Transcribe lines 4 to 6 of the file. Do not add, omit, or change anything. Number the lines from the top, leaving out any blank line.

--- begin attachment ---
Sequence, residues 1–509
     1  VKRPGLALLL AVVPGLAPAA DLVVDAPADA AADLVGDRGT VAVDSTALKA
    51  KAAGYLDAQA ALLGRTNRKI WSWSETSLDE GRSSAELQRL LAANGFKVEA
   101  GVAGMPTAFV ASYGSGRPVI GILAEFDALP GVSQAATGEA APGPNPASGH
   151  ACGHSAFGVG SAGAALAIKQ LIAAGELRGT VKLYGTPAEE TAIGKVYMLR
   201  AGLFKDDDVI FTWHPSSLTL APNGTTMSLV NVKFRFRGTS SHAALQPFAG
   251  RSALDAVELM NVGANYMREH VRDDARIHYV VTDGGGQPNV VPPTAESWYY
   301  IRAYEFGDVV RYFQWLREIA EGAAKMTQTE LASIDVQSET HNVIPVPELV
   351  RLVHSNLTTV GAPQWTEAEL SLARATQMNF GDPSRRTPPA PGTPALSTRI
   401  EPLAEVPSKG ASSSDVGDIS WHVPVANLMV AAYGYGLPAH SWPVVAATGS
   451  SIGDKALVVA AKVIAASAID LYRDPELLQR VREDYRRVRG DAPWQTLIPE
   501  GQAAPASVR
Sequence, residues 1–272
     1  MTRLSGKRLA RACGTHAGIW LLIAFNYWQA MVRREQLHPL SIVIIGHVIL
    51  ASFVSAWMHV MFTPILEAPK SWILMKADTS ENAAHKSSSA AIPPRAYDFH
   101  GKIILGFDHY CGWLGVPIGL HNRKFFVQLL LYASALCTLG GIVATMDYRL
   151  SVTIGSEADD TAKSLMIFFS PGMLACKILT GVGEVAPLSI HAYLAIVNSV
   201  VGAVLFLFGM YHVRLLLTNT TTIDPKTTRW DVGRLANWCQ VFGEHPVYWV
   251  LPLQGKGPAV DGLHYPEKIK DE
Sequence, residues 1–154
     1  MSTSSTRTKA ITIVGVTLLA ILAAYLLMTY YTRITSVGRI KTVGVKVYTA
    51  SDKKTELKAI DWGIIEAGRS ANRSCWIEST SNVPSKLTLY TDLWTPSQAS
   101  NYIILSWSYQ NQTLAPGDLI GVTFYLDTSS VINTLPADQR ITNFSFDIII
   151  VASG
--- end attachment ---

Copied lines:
   101  GVAGMPTAFV ASYGSGRPVI GILAEFDALP GVSQAATGEA APGPNPASGH
   151  ACGHSAFGVG SAGAALAIKQ LIAAGELRGT VKLYGTPAEE TAIGKVYMLR
   201  AGLFKDDDVI FTWHPSSLTL APNGTTMSLV NVKFRFRGTS SHAALQPFAG